How did Mark Twain say it? “If you don’t read the news, you’re uninformed. But if you do read the news, you’re misinformed.” Jefferson – who is one of the founders of the country – basically said he stopped reading the news and he had not found that he’s missing anything. I don’t think it’s gotten any better since then.

I’d recommend, for most of the stuff, turn it off. With the Ukraine thing, I’ve been watching to see how the propaganda works in each country and what the responses are. I’m a political science major in my old incarnation. But turn all that stuff off. Don’t be paying bills right before bedtime.

You want a calming bedtime routine – calming music, a calming book, an old TV show like FRIENDS or something that you’ve seen a hundred times before – something where you know what it’s going to be, you can say what the next lines are because it’s an old familiar blankie thing that will soothe you and ease you off to sleep. Create that setting of a bedtime routine.

You also want to keep your room dark. Another study came out this month showing that – actually, we’ll be parting on this in my newsletter that’s going out tomorrow – if there’s even enough light that you can’t read by like a night light, it forces your brain into the sympathetic system staying awake and alert which is what keeps you from going into deep sleep. If you are on sympathetic drive because of the night-time, you’re going to find that deep sleep suffers that’s restored of sleep.

Using a little night mask that will keep the light out will improve sleep quality. Also, what the study showed is that it causes weight loss because it triggers the sympathy insulin resistance when you have the light on during the night. Keep it dark in the room. Keep the temperature optimal for you – for what feels best for you.

Obvious little things are simply setting the context for a good night’s sleep.

Dan: It’s very interesting. People talk about there being a physiological reason why we struggle with sleep when we have CFS and fibromyalgia. We don’t tend to talk that much about the psychological side because we get so bashed over the head by people suggesting that we’re not really ill and saying it’s psychological. But I have to say, when it comes to sleep, there is a really significant psychological side.

As you were talking about this bedtime routine and getting that feeling, relaxing, and nothing to stimulate, I think for many of us, once we have a problem with sleep, and once we have an experience with insomnia, sleep becomes an issue.

As we move towards our bedtime routine, there’s often a racing of anxiety. “Oh! We’re going to go to sleep. I have to sleep! We’re going to sleep tonight!” Of course, that is the very thing that’s going to stop you sleeping.

Dr. Jacob: Right.

Dan: It’s a little bit of a “chicken or the egg?” thing, isn’t it?

Dr. Jacob: Yes, old patterns, and breaking those patterns is a big part of what you’re about. You’re teaching plasticity and using that for new patterns. It makes a major difference.

Looking at behavioural patterns, it’s like when you take medications and supplements. You’ve taken so many things that make you react, you have a pill in your hand, and you wonder, “What’s this going to do?” and you’re already breaking out in a rash or something and shaking. It’s called the “uh oh!” response. It’s like the Pavlov conditioning response.

It’s about doing things to break that pattern and creating a new routine of success for sleep – things like what ANS Rewire will be teaching – would be a major thing. But it’s important to realise, this is not only pattern and it’s not only the context and environment.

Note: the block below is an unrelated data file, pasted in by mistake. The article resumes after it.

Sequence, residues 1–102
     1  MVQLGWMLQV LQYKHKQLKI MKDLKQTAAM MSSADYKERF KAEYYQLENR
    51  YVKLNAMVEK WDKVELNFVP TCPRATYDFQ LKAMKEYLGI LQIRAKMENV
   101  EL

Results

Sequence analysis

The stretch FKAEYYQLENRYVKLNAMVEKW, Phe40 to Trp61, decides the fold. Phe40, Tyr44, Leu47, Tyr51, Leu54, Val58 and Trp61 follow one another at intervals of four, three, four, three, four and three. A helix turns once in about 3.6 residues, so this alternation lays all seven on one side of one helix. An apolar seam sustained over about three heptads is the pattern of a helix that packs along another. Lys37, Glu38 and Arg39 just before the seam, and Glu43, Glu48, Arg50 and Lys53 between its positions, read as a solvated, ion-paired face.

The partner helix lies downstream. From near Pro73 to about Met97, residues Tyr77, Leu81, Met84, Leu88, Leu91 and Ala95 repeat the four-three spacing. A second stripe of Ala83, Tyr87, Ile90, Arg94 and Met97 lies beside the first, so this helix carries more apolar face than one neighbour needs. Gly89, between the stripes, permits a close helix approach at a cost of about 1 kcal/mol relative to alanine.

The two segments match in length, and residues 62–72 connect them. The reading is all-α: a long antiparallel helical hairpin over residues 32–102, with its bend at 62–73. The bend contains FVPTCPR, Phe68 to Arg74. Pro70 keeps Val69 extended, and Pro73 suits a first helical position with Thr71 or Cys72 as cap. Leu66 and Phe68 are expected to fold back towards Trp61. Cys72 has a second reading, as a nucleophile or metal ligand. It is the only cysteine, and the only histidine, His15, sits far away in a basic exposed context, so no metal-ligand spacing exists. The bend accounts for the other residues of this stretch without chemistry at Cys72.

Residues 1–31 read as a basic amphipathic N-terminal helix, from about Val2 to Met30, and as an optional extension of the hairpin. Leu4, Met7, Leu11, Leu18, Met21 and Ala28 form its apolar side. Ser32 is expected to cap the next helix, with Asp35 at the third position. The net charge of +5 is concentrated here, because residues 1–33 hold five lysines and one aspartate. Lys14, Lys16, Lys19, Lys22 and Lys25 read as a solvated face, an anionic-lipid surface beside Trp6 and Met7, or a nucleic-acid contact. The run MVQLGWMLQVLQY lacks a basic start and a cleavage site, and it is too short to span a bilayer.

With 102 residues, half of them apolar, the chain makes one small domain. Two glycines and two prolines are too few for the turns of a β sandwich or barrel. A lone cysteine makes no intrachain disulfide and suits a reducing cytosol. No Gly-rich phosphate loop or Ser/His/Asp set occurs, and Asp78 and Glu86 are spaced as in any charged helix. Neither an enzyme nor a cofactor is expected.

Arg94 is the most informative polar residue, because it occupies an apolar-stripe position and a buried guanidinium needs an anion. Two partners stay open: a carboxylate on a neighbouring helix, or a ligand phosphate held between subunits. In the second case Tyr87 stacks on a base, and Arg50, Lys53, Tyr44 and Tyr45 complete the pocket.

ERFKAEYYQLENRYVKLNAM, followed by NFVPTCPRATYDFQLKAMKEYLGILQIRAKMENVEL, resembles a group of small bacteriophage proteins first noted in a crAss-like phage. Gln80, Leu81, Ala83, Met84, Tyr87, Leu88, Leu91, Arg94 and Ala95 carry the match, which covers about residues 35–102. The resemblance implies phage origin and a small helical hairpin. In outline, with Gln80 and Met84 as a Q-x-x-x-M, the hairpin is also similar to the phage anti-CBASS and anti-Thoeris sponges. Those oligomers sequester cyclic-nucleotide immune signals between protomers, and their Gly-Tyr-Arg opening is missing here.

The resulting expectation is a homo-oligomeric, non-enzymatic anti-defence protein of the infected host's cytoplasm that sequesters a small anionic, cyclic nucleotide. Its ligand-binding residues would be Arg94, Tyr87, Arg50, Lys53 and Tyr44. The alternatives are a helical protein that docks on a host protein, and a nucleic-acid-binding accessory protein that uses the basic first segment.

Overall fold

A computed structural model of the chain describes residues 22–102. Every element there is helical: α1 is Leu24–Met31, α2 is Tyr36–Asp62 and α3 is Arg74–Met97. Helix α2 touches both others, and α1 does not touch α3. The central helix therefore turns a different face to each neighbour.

The hypothalamic dysfunction, the hypothalamus is the sleep centre. The hypothalamus is all about regulating temperature. It’s what keeps your temperature at the optimal level. It controls the hormones that regulate the thyroid. Your temperature has to drop to be able to sleep, so the sleep centre is wrapped in the hypothalamus. All of this is in that circuit that goes offline.

Because of that, I have no problem at all. In addition, the sleep hygiene and the brain retraining, adding herbals and natural things and medications to get the sleep that’s needed. And then, also retraining the brain and weaning off of the things.

But let me give you a concept that may be foreign but is critical. Low energy equals poor sleep.

You’re going to think, “No, energy is stimulating. It’s going to keep you awake. It’s going to keep you from sleeping.” But it’s quite the opposite. The hypothalamic control centre is the circuit breaker in the brain. It’s about an almond-sized area, part of the limbic system.

When energy level drops, this is the first area to malfunction. The hypothalamus uses more energy for its size than any other area in the body. That’s why it acts like a circuit breaker. That’s why, if energy drops, that centre and sleep centre drops, and the ability to sleep drops.

Things that improve energy without being stimulating that are basically healthy energy instead of energy loan sharks improve sleep. For example, there are four studies in the last 2.5 years testing different natural compounds that increase energy production. Each of them showed that the increase in sleep was in the order of about 45 percent improvement in sleep by improving energy from any number of directions.

The whole shine protocol that we use in the placebo-controlled, double-blind published research showed that, in fibromyalgia, CFS, and ME, 91 percent improved with an average of 90 percent increase in quality of life, improving energy production.

Don’t forget the importance of that. We’ll talk about that more as we go on about the studies, things that you can do naturally to optimise energy – not necessarily only by sedating yourself but by energising the system that controls sleep.

Dan: Look, it really resonates, Jacob. It’s this requirement for a multilateral approach.